All that great dialogue and storytelling doesn’t work without a group of awesome actors to pull it all together, and the cast of Game of Thrones is probably among the best ever assembled on television. That’s not an exaggeration. Apart from Sean Bean, who stars as Eddard Stark, you might never have heard of any of the other stars of the series, and even though you might recognize others when you see them, you likely won’t acknowledge them as famous. But in a way, that’s the perfect feeling to have going in to Game of Thrones. The people seem familiar (moreso if you’ve read the novels), but you still have a chance to get to know them, and they seem to inhabit the roles they’re playing, leaving little chance that you’ll see them as actors rather than characters.


In the world of Martin’s story, swords carry an almost talismanic power. They’re symbols of families, of great deeds, of legacy. This doesn’t come up in any literal sense in Game of Thrones, but the awesome presence of the swords themselves, particularly when things start to get bloody, is enough. And if the complexity of that doesn’t grab you, you can just sit back and focus on how awesome they look as they’re cutting stuff.


Any discussion among Song of Ice and Fire fans over who the best character in the saga is will definitely include a mention of Tyrion “The Imp” Lannister, the vastly intelligent, endlessly snarky dwarf who loves dirty jokes and whores as much as he loves scholarly texts. The casting of his character was watched just as closely as the casting of Eddard Stark, and many nerds rejoiced when Peter Dinklage landed the role. He doesn’t disappoint. He carries the perfect blend of sensitivity, sarcasm, viciousness, humor and resourcefulness, whether he’s confessing his crimes or explaining the purpose of his endless reading. Dinklage might be the best part of this show’s wonderful cast.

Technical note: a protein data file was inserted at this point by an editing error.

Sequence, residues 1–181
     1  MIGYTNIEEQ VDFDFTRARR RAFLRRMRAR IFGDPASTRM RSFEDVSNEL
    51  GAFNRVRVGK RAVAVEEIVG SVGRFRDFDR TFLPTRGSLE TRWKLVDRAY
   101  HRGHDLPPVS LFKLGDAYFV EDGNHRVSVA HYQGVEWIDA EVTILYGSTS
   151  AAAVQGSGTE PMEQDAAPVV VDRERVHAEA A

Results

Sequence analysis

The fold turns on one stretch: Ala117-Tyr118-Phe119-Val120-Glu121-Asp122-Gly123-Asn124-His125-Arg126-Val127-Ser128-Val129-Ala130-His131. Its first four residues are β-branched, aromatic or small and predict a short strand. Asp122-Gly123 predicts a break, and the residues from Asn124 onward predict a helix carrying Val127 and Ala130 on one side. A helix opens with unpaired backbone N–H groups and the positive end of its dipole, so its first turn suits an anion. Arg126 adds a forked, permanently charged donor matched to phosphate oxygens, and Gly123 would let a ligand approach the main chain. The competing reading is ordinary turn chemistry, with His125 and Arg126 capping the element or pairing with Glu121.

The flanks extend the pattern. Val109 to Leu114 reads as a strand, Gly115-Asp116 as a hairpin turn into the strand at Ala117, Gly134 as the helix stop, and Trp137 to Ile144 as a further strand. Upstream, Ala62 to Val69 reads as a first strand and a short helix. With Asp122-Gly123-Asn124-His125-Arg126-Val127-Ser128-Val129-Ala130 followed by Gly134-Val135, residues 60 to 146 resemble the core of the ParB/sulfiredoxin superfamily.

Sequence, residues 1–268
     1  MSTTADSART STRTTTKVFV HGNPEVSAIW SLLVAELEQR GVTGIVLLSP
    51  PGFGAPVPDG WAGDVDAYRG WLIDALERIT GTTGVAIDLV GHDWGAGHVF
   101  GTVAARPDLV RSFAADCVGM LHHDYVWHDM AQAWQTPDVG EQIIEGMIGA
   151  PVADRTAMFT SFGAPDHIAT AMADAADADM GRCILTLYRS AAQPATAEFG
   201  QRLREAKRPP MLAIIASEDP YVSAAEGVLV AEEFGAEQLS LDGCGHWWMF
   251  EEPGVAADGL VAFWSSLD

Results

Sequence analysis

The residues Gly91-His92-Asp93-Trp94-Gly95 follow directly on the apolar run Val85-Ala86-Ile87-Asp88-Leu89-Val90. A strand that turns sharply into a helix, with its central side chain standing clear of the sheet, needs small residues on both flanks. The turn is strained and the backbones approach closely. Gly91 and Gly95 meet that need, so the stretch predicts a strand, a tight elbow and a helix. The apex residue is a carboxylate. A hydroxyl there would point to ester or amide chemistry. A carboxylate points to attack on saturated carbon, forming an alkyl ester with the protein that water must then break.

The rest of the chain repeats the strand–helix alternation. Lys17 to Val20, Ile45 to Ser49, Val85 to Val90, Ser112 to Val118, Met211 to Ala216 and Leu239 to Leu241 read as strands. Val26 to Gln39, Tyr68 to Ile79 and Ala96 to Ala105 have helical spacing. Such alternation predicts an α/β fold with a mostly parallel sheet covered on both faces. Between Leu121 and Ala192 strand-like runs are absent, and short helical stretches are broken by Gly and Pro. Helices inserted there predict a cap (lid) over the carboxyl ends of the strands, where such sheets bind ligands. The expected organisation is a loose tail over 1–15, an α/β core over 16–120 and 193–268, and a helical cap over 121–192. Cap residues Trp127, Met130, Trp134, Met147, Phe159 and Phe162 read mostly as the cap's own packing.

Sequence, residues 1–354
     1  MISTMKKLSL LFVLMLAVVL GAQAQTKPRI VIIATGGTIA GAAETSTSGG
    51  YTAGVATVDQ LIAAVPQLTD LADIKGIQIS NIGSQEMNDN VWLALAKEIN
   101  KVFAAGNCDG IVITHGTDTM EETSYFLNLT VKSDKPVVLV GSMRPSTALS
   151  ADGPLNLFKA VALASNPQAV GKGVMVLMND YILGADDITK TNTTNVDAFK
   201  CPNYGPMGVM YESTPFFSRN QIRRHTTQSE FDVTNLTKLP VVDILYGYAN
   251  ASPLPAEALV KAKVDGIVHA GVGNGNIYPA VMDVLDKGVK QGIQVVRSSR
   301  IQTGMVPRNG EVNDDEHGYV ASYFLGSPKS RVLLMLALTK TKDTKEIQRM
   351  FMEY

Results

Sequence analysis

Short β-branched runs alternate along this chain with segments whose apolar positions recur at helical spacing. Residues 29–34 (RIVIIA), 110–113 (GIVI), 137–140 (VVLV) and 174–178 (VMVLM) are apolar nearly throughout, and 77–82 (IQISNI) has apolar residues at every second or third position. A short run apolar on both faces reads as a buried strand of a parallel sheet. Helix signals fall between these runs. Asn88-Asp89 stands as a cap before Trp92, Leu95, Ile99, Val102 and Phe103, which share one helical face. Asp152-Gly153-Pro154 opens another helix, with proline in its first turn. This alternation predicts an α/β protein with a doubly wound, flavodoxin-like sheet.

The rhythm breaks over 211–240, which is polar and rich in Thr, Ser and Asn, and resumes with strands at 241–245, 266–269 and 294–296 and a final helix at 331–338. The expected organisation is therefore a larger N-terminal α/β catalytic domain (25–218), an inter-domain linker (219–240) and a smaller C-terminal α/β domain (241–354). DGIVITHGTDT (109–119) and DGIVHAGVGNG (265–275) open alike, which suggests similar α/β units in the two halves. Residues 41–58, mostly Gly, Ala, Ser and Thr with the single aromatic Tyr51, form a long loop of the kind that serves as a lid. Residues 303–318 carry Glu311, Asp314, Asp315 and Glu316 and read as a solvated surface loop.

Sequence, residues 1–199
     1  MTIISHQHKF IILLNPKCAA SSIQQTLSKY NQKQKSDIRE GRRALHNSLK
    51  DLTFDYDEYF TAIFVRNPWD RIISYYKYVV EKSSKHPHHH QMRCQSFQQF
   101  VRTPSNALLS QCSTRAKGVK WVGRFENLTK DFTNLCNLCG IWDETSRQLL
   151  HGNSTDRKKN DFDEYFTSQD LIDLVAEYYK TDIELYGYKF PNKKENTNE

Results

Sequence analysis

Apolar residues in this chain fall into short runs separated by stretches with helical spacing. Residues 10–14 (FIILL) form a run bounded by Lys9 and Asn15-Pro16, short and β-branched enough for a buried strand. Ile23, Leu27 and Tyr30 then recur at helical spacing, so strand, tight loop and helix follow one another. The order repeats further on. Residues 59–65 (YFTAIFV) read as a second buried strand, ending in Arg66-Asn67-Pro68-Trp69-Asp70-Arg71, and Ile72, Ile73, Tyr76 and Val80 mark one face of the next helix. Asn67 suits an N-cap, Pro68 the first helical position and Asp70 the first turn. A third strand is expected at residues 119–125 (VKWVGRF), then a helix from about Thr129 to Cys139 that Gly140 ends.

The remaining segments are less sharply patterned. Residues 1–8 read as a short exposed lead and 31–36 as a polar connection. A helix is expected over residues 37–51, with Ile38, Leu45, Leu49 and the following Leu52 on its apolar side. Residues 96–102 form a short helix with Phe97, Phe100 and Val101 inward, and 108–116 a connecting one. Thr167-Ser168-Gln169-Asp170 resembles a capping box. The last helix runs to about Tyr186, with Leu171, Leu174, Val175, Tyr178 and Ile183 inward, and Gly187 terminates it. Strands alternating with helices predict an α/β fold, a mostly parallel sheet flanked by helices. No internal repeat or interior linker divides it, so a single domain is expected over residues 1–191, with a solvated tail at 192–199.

What HBO show would be complete without a little full-frontal nudity? Game of Thrones doesn’t disappoint on that score (and a good thing too, because a lot of what’s going on otherwise can get pretty grim), bringing you plenty of marriage beds and brothels to sate your need for premium cable goodies. If that sounds shallow, it’s because it is, but the sex and nudity also serves another purpose: to remind us that (finally) we’re watching a full-blown epic fantasy series for grown-ups.


He’s the most recognizable name in the cast, the guy on the poster, the selling point for many viewers who’ve never heard of the books and the force that must carry the launch of this series. Through all of that, Sean Bean proves he’s not just a gifted actor, but a full-blown star. Once you’ve seen his performance as Eddard Stark, all thought of him as “that guy from Lord of the Rings who isn’t Viggo Mortensen” goes out the window. He was dream casting from the start, and his work here is a dream given form.


Ask any fan of Martin’s books why they keep reading, and at some point they’re bound to mention A Song of Ice and Fire‘s unflinching brutality. It’s the main reason this show could never have happened anywhere but HBO, and Benioff and Weiss make certain to pull no punches. From the first gruesome sequence to the point when a knight beheads his own horse (not kidding), Game of Thrones doesn’t ever look away from the moments of violence that permeate its medieval setting. Once again, it’s a reminder that we’re watching a mature vision of the fantasy genre, and it might seem gimmicky, but for fans of these stories it’s proof of their impact.

Game of Thrones premieres Sunday night on HBO. If you’re not sold yet, something is likely wrong with you. Get help.